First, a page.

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I was CEO of 145 companies; elect me as president: Hayatudeen

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“I had to contend with dealing at that time with the military governors of the19 states, including major generals and brigadiers.”

PDP presidential aspirant Mohammed Hayatudeen has pledged to reform governance and restore hope to Nigerians, if elected president in 2023.

Mr Hayatudeen, while meeting with the PDP House of Representatives caucus in Abuja, said if elected president, he would make Nigeria enjoy substantial economic growth through sustainable reforms and engagement of intellectuals.

“With my motivation, my background experience, and as somebody with a proven track record of transformation, I will go in and unlock that switch, turn it on again, and take this country to the stratosphere,” said Mr Hayatudeen. “Nigerians are phenomenal people. The entrepreneurial energy that flows through the veins of Nigeria, is unparalleled.”

He added, “I can only compare it to the United States because the human intelligence in this country is unbelievable. But there are barriers that are holding us back. I will roll back the frontiers of government and give expression and hope to the Nigerian private sector, represented by small, medium, large scale industries, to actually come in and play the rightful part by incentivising them and removing all manners of obstacles.”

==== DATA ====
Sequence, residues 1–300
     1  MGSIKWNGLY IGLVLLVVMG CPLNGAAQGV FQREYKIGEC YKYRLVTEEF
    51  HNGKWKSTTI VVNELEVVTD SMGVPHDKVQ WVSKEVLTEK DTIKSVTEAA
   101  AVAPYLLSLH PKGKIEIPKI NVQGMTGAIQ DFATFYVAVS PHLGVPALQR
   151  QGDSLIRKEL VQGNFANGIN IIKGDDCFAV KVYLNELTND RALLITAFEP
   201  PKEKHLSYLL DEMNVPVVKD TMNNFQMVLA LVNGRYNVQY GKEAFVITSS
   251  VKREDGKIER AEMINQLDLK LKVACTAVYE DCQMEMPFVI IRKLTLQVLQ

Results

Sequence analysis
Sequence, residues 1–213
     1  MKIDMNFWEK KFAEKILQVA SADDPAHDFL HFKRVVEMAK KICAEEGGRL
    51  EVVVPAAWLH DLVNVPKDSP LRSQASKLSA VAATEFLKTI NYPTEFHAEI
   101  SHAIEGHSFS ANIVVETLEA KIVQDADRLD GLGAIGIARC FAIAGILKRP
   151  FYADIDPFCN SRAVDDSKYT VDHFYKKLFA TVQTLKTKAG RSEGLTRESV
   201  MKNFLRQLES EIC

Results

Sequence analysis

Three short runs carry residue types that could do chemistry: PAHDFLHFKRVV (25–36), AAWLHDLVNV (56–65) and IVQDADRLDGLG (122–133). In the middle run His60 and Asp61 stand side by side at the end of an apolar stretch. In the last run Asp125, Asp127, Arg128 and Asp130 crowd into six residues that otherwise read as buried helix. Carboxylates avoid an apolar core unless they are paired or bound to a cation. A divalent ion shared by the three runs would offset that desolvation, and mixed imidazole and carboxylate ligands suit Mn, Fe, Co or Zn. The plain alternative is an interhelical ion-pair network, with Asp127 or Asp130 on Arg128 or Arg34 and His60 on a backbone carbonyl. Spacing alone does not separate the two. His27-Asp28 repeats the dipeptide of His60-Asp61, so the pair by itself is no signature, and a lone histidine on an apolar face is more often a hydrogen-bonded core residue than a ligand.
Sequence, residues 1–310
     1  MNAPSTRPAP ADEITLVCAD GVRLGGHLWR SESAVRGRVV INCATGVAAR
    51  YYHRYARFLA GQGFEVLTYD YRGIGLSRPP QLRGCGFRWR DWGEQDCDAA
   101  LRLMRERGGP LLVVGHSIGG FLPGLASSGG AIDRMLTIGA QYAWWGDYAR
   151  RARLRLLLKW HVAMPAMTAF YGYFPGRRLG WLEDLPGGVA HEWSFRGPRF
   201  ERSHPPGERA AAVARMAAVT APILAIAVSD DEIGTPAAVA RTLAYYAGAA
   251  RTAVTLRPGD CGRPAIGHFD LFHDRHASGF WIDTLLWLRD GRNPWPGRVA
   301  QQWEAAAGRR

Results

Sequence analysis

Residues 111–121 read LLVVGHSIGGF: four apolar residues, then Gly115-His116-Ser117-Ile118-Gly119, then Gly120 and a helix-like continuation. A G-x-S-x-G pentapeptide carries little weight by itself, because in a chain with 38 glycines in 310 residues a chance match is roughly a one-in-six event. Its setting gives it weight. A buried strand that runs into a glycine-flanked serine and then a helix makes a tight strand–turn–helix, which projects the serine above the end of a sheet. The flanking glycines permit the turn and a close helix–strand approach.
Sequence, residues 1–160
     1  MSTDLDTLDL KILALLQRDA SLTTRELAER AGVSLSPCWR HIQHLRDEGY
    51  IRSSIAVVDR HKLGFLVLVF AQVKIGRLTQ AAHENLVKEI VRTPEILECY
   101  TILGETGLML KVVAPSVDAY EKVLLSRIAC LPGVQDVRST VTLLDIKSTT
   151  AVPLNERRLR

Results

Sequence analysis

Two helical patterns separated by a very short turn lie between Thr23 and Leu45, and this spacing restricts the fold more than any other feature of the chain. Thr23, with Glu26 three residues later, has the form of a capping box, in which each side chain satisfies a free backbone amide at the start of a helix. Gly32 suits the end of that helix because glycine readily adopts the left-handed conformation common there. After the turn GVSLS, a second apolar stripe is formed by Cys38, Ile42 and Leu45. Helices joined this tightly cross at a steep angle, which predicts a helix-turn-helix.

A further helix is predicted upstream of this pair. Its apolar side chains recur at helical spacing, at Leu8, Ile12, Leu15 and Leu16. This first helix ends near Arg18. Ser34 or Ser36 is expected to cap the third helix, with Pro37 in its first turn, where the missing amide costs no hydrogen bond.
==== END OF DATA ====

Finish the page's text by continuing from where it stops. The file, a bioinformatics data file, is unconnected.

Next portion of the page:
He said with sufficient checks and balances, Nigeria could be made one of the greatest nations in the world.

Mr Hayatudeen said he was being driven by the desire to tackle the root causes of Nigeria’s economic challenges and insecurity.

The presidential aspirant, who claimed he became the GMD and CEO of the New Nigeria Development Company, a portfolio of 145 companies, at age 30, said he had the requisite experience to successfully rule Nigeria.

Mr Hayatudeen also declared that though some might consider him a political neophyte, politics had been part of him.

He disclosed that he had served three presidents as adviser on three presidential advisory councils.

“NNDC was actually a public institution, owned by the 19 northern governors and I had to contend with dealing at that time with the military governors of the19 states, including major generals and brigadiers,” he stressed. “Each of them had placed a compelling set of demands and pressures on my shoulders and our management. We had to navigate those waters to ensure that we are able to make everybody happy, while at the same time not stalling the progress of the corporation.”

Mr Hayatudeen added that he had been prepared for leadership because he was saddled with both the private sector, civil society space and the public space.

“Also, I am one of the key founding members of the Nigerian Economic Summit Group (NESG), the foremost private economic think-tank that was established in 1992,” he pointed out. “The group was set up to foster sustainable long term economic development of this country by bringing both the public sector, civil society and the private sector together to unleash reforms to coincide with the period of globalisation.”

(NAN)

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